United Nations might help make Tokyo call

Melissa WoodsAAP
Kevan Gosper says the United Nations could intervene to decide the fate of the Olympic Games.
Camera IconKevan Gosper says the United Nations could intervene to decide the fate of the Olympic Games.

Former International Olympic Committee vice president Kevan Gosper says the United Nations might be called on to help decide the fate of the Tokyo Olympics.

Gosper, who has held many roles within the IOC and Australian Olympic Committee and was also vice president of the Sydney Olympics organising committee, described the Tokyo Games as being in a "precarious" position and said he wouldn't bet on it going ahead.

The Olympics are to set start on July 23 but face mounting opposition in Tokyo with COVID-19 rates still surging there and around the world.

"There are only two players - Tokyo and the IOC - and with all of the uncertainties and the extra costs, it will only take on of them to blink and the whole thing will come unstuck," he told ABC radio.

Gosper, who is still an honorary IOC member, said that the organising committee and IOC, who own the event, could look to the United Nations if they reach a deadlock on whether to proceed or not.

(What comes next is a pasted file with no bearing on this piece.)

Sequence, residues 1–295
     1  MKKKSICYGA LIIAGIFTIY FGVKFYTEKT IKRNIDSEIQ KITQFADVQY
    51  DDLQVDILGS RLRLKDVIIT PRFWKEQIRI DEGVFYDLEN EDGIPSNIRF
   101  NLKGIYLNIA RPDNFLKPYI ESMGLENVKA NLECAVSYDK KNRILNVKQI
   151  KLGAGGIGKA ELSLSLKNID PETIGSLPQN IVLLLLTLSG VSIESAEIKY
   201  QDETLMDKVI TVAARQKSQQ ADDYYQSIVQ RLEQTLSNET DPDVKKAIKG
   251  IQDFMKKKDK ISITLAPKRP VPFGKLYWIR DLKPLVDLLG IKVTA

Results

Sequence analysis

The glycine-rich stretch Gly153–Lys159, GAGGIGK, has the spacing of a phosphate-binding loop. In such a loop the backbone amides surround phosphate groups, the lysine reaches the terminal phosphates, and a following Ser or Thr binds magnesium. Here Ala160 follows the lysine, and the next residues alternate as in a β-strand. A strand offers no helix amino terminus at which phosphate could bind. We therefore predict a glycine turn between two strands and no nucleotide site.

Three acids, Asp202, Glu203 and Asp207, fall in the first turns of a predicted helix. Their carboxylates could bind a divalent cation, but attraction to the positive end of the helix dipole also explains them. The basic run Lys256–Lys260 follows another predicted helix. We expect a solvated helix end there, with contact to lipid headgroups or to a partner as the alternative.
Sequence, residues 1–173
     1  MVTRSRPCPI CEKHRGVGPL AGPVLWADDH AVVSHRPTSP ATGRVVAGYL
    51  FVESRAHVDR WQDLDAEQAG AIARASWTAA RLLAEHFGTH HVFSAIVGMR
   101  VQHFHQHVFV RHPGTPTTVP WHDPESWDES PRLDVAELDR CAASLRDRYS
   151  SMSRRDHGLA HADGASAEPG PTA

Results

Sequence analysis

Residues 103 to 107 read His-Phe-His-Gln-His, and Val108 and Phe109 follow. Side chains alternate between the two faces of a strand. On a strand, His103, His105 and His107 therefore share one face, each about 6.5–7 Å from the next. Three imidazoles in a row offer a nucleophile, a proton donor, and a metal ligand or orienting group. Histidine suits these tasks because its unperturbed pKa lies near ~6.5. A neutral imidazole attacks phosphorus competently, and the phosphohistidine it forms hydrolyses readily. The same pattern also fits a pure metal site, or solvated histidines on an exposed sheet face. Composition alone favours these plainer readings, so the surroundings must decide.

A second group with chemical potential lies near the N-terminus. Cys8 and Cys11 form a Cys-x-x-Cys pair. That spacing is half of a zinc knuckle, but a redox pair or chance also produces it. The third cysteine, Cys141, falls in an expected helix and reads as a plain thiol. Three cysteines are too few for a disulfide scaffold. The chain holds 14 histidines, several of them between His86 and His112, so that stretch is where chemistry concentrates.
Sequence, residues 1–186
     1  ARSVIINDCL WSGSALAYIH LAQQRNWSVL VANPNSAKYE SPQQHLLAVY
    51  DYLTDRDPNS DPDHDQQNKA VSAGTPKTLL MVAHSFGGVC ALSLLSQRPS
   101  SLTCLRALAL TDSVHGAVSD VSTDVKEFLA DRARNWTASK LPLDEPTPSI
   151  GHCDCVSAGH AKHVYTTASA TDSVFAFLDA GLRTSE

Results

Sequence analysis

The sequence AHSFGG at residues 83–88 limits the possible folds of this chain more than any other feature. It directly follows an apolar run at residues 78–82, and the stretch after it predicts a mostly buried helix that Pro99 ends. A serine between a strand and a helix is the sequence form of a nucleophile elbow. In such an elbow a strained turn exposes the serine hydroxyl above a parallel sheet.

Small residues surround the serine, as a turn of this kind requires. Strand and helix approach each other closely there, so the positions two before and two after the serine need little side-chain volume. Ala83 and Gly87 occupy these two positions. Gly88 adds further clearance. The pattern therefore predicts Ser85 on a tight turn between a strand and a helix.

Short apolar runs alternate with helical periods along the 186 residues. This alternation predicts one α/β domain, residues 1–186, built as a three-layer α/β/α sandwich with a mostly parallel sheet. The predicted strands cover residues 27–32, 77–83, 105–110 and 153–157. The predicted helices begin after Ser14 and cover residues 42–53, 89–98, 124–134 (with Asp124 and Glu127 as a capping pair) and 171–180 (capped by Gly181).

"If you were looking for a third party that recognises that this has gone beyond being an issue just related to sport, or just related to national interest, by virtue of the global COVID (pandemic) and its impact then there could be a case to go the United Nations and seek their involvement in arbitrating whether the games go ahead or not in the interest of the general health of athletes, administrators, viewers and rest of the world," Gosper said.

He said this wasn't unprecedented with the United Nations involved in the decision to include a refugees representation at the Olympics and also East Timor at the Sydney Games.

Japan has invested a reported $25 billion while the IOC also needs the Games to proceed as it is heavily reliant on broadcast fees and sponsorship however a recent survey in Tokyo showed 80 per cent of residents wanted it either cancelled or postponed again.

Gosper warned that if it did proceed it wouldn't be a normal Games.

"The athletes will be under extra stress and it will affect their performance and a lot of countries won't be able to send athletes," he said.

"There's only 12 countries whose residents are currently welcome to come into Japan."

More than 15,000 Olympic and Paralympic athletes will have to enter Japan, along with tens of thousands of officials, judges, VIPs, media and broadcasters.

Organisers have yet to decide if spectators will be allowed.

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